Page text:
Weinstein said his group's work partially explains why recent studies of attacks motivated by race or ethnicity have turned up so many examples of mistaken "identity" -- such as assaults on Americans of Hispanic origin who the assailants believed were of Arabic descent.

"In the post-9/11 world, where profiling of Arab Americans and others of Middle Eastern descent is as common as that of African Americans, making sense of what . . . factors shape identifiability is of paramount importance," he said.

Talk to Your Toddler

What explains the differences in the scores of black and white students on various tests designed to measure reading and math levels? There are lots of suspects, including racist teachers, culturally biased tests or instructional materials and resource-strapped schools, says sociology professor George Farkas of Pennsylvania State University in the latest issue of Contexts, a journal published by the American Sociological Association.

But Farkas suspects there's another reason: the Word Gap.

Researchers know that being raised in a word-rich environment creates vocabulary and language skills that are the building blocks of education. The problem is that many poor parents don't have the time, the language skills or perhaps the energy to converse a lot with their kids, which puts their offspring at a disadvantage even before they begin preschool, Farkas said.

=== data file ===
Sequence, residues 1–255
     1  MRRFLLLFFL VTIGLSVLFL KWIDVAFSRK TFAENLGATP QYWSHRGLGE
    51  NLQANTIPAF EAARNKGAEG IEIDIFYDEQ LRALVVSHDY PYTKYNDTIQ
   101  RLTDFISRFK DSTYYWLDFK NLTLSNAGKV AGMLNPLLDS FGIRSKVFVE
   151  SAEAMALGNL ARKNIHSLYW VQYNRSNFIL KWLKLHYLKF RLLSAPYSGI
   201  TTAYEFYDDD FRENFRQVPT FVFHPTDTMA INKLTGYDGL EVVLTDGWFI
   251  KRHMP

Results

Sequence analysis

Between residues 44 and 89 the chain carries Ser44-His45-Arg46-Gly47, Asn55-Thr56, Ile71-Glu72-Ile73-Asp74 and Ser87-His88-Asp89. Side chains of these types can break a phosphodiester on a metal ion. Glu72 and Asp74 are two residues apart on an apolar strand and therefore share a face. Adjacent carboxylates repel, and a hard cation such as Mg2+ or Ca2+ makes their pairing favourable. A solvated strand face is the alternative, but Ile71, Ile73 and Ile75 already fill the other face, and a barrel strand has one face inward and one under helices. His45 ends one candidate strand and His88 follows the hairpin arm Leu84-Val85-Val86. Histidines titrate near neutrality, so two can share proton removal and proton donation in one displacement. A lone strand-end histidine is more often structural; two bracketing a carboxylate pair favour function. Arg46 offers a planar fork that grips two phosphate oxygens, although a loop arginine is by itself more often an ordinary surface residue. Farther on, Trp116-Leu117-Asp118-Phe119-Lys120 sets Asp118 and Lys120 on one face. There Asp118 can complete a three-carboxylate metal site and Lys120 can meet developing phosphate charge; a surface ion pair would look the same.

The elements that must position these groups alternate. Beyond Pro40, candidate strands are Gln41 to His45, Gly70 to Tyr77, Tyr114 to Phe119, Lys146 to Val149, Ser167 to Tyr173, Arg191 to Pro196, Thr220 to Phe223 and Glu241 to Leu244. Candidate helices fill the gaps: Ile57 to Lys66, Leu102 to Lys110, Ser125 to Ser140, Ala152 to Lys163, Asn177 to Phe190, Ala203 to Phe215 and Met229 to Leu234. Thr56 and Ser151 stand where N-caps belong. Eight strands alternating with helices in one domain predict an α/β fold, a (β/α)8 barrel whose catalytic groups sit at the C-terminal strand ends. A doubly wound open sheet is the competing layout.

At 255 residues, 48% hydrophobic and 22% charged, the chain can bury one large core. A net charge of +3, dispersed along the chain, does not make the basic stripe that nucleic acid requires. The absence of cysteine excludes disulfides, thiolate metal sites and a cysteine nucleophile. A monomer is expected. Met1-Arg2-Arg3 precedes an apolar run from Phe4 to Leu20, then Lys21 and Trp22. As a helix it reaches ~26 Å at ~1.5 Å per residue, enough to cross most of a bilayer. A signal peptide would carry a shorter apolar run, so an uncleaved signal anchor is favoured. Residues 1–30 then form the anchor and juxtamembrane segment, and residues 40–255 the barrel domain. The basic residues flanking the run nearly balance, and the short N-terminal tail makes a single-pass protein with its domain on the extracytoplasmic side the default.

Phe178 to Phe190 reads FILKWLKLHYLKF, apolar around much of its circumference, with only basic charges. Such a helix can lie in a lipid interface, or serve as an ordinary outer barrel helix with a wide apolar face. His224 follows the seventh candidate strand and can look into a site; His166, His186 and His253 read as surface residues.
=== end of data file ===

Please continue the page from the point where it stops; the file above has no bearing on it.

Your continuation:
Farkas reported that working- and middle-class parents spoke about 20 million words to their children, while parents of low-income children said only 10 million. He based his conclusions on insights first published by developmental psychologists Betty Hart and Todd Risley of the University of Kansas. These researchers spent an hour each month in the homes of 42 families, transcribing and then counting the words spoken to the children.

"Children from high, middle and low social class families begin school with very different bases upon which to build success in reading and mathematics," Farkas concluded. Since black families are more likely to be poorer than white families, a larger proportion of black children enter school lacking the tools they need to compete.

Farkas warns, however, that the word gap is not the total answer -- a portion of the black-white testing gap remains even after class and the word gap are accounted for. More research is needed, he argues, and "we'd better get busy."